You are a prolific composer and producer in many different genres and styles (one of my all-time favorite tracks, from any artist, at any time, is the deep techno-trance Hypnosphere). Is there a particular genre of music that you most enjoy working with? Or that you feel you do your best work?
I love challenges, and therefore I often test my skills with yet unfamiliar musical genres. It’s such a great feeling to be able to say about the resultant track, that “it’s not my style… and I quite like it”. Such versatility is obviously also quite desired, when one wants to become a professional, making their living only through composing music. Countless times I was in such a situation, that one day I needed to compose a hard rock piece, and the next day the same customer asked me to prepare for example a children’s lullaby, and then upon completing it, I had to start working for example on a club trance track.
In reply to your question about which genre I most enjoy working with, it’s most certainly film scores. It’s a special genre, which includes almost everything that I love most. First and foremost: orchestral sound, which is the best medium to relay feelings. On the other hand, film score arrangements always leave the composer with complete freedom. The entire rhythm section may be electronic or rock, or even, for that matter, ethnic. It’s a great genre, which enables me to combine all the styles that fascinate me the most at a given moment in time.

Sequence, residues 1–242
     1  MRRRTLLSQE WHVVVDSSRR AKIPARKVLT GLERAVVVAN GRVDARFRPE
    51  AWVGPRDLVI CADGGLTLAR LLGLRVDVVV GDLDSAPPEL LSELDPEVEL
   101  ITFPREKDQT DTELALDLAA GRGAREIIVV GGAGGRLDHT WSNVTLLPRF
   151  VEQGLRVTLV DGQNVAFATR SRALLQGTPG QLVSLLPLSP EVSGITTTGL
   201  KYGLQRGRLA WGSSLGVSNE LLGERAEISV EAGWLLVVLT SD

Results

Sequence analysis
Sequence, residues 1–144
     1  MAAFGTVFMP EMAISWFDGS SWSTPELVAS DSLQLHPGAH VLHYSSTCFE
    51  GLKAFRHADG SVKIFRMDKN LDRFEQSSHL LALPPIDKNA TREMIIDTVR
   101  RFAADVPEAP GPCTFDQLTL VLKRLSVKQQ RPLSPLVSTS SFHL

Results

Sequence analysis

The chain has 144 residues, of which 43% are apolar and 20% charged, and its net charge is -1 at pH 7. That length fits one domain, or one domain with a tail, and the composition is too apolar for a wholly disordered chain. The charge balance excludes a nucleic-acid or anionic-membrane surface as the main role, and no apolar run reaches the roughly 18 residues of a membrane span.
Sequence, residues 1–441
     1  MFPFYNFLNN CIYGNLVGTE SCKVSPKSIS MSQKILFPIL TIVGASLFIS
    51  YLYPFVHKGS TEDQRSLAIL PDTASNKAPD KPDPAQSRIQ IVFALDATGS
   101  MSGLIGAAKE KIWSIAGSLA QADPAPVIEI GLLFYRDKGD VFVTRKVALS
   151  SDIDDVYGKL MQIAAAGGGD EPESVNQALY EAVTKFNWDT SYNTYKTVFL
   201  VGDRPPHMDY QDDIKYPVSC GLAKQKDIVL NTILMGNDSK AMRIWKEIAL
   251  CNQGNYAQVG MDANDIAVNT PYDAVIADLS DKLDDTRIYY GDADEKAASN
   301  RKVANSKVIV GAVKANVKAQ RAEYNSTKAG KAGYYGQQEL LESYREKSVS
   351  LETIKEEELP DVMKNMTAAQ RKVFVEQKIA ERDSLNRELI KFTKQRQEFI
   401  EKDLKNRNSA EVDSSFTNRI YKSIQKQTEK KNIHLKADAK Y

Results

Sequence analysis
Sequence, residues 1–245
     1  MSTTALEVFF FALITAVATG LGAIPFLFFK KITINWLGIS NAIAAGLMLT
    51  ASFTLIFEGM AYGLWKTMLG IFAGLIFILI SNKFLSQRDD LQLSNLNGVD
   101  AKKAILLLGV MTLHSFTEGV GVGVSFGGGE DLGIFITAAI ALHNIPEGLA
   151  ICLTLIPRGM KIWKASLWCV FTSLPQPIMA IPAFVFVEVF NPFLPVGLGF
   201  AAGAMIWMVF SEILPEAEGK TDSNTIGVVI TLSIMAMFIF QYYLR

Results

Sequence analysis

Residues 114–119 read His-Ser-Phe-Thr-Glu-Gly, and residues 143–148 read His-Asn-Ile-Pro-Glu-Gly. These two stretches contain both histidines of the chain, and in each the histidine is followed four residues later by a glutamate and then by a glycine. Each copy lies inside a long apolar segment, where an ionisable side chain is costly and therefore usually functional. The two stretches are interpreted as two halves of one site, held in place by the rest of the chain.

Have you ever come across your music by surprise in a game, TV broadcast or other media? Perhaps some case where a client had licensed your music from Shockwave-Sound.com and used it in their project… which you happened to come across and hear your own music by surprise?
Yes, it happened a couple of times actually. I have heard my music in game trailers, television commercials, shopping centers, and even iPhone games. Every time it happened, it made a mind-blowing impression. I felt proud, that someone wanted to use my music for their project, because for me this was proof, that someone truly liked it!
Besides obviously handling samplers, synths and keyboards with great skill, do you ever record live performed instruments in your compositions? If so, which instruments and who are the performers?
Recently I had a chance to record with a 150-piece live ensemble (full orchestra and double choir). See how it sounds:
There are times, when I work with smaller orchestra ensembles (mainly strings). I also record vocals (despite the fact, that I do not compose songs, I often need some forms of vocal expression in my work). I also quite frequently collaborate with my friend, Olek Grochocki, who’s an absolute master of the guitar, and is able to play any genre to my heart’s desire.